Witness the Republican debate the other night. There was not one single question on the European debt crisis, Medicare reform, how to fix Social Security so each of my kids isn’t working to pay for 50 retirees each, or restoring our triple-A rating.  There were questions on “Don’t Ask Don’t Tell,” HPV Vaccinations, Border Fences, which department of the government would you eliminate, and who would you pick a VP.  I do not diminish any of these issues, but they are motes, not logs.  Just as in the 2008 Democratic Presidential primaries, all the questions boil down to just one: “Prove that you have the bona fides to be quarterback for Us.”

Madison wrote that “So strong is this propensity of mankind to fall into mutual animosities that where no substantial occasion presents itself the most frivolous and fanciful distinctions have been sufficient to kindle their infriendly passions and excite their most violent conflicts.”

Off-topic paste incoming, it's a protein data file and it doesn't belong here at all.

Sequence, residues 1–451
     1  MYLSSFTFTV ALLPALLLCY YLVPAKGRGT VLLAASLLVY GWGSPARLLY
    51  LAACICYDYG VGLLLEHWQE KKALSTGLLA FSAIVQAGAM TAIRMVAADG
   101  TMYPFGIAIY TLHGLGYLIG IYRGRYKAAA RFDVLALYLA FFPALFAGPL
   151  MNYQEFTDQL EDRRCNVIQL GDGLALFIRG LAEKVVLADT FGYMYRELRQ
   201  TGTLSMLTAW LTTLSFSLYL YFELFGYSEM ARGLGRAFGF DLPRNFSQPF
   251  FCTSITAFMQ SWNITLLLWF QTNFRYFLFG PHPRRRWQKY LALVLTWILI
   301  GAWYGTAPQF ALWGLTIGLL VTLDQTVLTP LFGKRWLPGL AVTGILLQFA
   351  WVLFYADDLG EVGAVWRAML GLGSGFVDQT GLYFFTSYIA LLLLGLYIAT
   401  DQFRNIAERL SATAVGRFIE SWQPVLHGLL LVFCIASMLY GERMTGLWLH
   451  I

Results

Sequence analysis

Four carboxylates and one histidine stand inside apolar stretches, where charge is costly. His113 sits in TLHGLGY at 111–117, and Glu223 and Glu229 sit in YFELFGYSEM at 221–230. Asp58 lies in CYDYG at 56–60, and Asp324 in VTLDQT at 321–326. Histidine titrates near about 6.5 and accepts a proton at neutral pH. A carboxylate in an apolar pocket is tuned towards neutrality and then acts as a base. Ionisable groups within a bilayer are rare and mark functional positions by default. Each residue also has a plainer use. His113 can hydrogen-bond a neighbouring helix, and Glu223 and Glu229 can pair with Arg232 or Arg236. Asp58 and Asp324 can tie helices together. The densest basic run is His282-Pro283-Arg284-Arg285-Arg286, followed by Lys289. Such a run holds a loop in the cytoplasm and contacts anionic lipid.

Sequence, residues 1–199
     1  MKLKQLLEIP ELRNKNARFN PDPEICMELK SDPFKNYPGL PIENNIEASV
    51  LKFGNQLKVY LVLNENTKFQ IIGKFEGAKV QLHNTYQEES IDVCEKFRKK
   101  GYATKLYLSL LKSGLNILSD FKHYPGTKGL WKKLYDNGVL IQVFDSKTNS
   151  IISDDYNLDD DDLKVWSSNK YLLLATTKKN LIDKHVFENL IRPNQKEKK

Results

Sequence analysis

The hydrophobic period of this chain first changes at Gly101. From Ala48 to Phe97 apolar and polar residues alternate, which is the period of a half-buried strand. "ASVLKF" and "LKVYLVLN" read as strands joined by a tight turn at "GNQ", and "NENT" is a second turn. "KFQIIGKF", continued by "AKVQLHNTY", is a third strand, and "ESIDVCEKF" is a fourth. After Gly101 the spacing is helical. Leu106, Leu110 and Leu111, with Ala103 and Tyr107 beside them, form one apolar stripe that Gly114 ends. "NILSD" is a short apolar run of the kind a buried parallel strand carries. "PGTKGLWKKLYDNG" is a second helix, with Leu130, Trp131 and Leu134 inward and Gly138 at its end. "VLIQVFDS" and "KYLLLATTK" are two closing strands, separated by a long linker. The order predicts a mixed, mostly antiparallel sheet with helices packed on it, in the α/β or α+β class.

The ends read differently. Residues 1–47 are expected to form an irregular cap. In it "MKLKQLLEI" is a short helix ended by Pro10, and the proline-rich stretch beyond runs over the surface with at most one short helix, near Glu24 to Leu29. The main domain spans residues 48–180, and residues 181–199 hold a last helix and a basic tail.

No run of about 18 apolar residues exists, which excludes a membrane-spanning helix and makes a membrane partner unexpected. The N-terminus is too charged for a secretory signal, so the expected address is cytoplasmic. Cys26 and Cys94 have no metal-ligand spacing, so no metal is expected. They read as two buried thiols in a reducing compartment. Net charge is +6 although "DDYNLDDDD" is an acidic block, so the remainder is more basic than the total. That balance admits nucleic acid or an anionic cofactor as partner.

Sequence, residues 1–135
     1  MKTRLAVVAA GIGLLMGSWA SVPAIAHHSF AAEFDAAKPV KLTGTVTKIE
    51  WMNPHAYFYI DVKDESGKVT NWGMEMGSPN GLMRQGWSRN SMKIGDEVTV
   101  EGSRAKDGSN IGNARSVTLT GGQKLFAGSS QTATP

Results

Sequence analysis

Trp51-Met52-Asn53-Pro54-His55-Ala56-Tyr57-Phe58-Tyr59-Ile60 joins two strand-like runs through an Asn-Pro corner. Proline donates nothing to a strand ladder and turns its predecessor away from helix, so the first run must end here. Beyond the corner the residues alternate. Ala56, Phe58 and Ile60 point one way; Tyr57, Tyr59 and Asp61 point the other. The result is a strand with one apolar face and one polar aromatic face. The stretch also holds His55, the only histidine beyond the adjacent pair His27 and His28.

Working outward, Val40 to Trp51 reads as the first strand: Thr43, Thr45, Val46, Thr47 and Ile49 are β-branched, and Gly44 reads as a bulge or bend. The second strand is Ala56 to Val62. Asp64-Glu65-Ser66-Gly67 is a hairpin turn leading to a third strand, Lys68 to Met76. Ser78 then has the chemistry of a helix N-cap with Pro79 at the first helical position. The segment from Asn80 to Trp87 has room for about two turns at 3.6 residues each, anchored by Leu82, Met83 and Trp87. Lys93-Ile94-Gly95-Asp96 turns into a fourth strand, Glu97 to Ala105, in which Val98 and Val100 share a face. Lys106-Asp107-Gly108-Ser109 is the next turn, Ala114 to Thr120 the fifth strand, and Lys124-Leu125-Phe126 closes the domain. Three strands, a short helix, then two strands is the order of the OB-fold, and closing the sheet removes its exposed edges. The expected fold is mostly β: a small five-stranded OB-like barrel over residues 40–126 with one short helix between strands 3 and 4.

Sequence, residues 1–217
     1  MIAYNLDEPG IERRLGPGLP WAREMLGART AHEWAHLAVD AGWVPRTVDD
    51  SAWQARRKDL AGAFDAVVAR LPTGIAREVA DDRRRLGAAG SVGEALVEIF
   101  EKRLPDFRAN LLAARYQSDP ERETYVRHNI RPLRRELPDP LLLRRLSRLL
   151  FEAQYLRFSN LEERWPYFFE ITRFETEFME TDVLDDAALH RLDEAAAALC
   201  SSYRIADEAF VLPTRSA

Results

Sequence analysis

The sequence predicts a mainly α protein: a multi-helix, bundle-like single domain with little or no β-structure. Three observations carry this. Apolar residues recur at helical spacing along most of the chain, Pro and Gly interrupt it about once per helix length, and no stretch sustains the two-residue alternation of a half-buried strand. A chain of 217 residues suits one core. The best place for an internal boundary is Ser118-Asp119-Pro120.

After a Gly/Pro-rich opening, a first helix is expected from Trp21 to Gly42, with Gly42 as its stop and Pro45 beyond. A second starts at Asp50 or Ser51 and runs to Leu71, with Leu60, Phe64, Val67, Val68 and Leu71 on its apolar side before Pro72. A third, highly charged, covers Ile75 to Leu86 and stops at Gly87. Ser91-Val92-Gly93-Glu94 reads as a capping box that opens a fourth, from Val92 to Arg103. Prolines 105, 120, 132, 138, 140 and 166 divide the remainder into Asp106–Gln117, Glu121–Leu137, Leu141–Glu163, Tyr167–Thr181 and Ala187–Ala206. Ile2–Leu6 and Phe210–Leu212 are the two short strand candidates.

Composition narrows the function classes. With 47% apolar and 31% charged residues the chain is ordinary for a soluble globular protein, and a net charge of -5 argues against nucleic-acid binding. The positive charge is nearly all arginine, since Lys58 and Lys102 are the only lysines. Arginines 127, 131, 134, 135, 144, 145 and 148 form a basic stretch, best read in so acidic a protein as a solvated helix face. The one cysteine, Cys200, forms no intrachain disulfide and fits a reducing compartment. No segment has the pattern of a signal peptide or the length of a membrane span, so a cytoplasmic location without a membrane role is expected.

Like with football, it doesn’t matter that the “issue” is a pigskin; what matters is that the audience cheers for your side to move that pigskin as far as possible to an extreme end. In American politics today there are only 2 teams and the arena of the 24 hour news cycle has turned us all into fanboys watching “Last Man Standing/Running Man/Rollerball” as they seek to demolish one another over pigskin issues.

Who loses?  The fans of course, but then we made ourselves fans instead of citizens and we let them commodify our dissent.